When he saw the abysmal returns, Mark Albanese, director of testing and research at the NCBE, scrambled to check his staff’s work. Once he and Moeser were confident the test had been fairly scored, they began reporting the numbers to state officials, who released their results to the public over the course of several weeks.

In Idaho, bar pass rates dropped 15 percentage points, from 80 percent to 65 percent. In Delaware, Iowa, Minnesota, Oregon, Tennessee, and Texas, scores dropped 9 percentage points or more. By the time all the states published their numbers, it was clear that the July exam had been a disaster everywhere. Scores on the multiple-choice part of the test registered their largest single-year drop in the four-decade history of the test.

“It was tremendously embarrassing,” says Matt Aksamit, a graduate of Creighton University School of Law, who failed Nebraska’s July bar exam last year. “I think a lot of people can relate to what it’s like to work hard for something and fall short of what you want.” (Aksamit took it again in February and passed.)

Panic swept the bottom half of American law schools, all of which are ranked partly on the basis of their ability to get their graduates into the profession. Moeser sent a letter to law school deans. She outlined future changes to the exam and how to prepare for them. Then she made a hard turn to the July exam. “The group that sat in July 2014 was less able than the group that sat in July 2013,” she wrote. It’s not us, Moeser was essentially saying. It’s you.

“Her response was the height of arrogance,” says Nick Allard, the dean of Brooklyn Law School. “That statement was so demonstrably false, so corrosive.” Allard wrote to Moeser in November, demanding that she apologize to law grads, calling her letter “offensive” and saying that the test and her views on the people who took it were “matters of national concern.” Two weeks later, a group of 79 deans, mostly from bottom-tier schools, sent a letter asking for an investigation to determine “the integrity and fairness of the July 2014 exam.”

Moeser wasn’t swayed. She responded in December, saying she regretted offending people by characterizing the students as “less able”—but maintained that they were relatively bad at taking the exam. In January, Stephen Ferruolo, the dean of the University of San Diego School of Law, asked Moeser to explain how the NCBE scored the test. Moeser rebuffed him, instead inviting Ferruolo to consider the decline in his students’ Law School Admission Test scores in recent years, which, she wrote, “mark the beginning of a slide that has continued.” The implication: Ferruolo and the rest of the people running law schools not named Stanford or Harvard should get used to higher fail rates.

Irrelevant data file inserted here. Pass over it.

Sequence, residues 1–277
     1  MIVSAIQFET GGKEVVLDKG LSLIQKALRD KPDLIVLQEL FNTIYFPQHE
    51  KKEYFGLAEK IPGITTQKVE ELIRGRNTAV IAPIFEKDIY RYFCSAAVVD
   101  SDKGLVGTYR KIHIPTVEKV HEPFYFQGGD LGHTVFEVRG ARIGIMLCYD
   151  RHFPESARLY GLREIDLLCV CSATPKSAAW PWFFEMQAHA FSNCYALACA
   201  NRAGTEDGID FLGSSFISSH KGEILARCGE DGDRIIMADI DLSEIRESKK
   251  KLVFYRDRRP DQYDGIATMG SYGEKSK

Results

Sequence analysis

“The response is to stonewall,” Ferruolo says. “Where’s the accountability? I’m not looking to find more information so I can attack the NCBE. I am looking for more information so I can do my job as a dean.”

This year’s results, which will start coming out in September, may be the most critical in the exam’s history. Lawyers and those who hope to join their ranks will soon know if last year was an aberration or a symptom of a worsening problem. Critics of the bar exam say the test is broken, while Moeser maintains the reason so many students are failing is that they are less prepared. “You can squawk loud and long about what’s happening,” Moeser says, “but you’ve got to look at who your student body is.”

Whether or not the profession is in crisis—a perennial lament—there’s no question that American legal education is in the midst of an unprecedented slump. In 2015 fewer people applied to law school than at any point in the last 30 years. Law schools are seeing enrollments plummet and have tried to keep their campuses alive by admitting students with worse credentials. That may force some law firms and consumers to rely on lawyers of a lower caliber, industry watchers say, but the fight will ultimately be most painful for the middling students, who are promised a shot at a legal career but in reality face long odds of becoming lawyers.

As the controversy raged on into this spring, Moeser’s detractors seized on an irony of her résumé. Wisconsin is the only state that doesn’t require its local graduates to take the bar exam in order to practice law. Moeser never sat for it. “The person who is the czarina, who determines more and more every year what Americans have to learn to pass the bar to become licensed lawyers … never took the bar,” Allard says. “Who is she to say what the standard is? Who is she?”

Featured in Bloomberg Businessweek, Aug. 24, 2015. Subscribe now.

From a conference room in Madison, Moeser watches a thick layer of smoke on the horizon, traces of a fire raging in Canada. It’s early July, the start of her annual high season, when the NCBE sends the first copies of the bar exam to state officials across the country. After a moment her gaze shifts to her assembled employees, asking them how the day is going. She has more imminent threats to consider.

Moeser is warm and intimidating at the same time, speaking slowly and pausing to stare at the person she’s talking to, like a pitcher guarding against a stolen base. She’s wearing a denim shirt decorated with “NCBE” in gold stitching.After graduating from the University of Wisconsin Law School in 1975, Moeser took a job at the state bar, partly because she had just given birth to her first son, she says, and the organization promised flexibility for its first nonsecretarial female employee.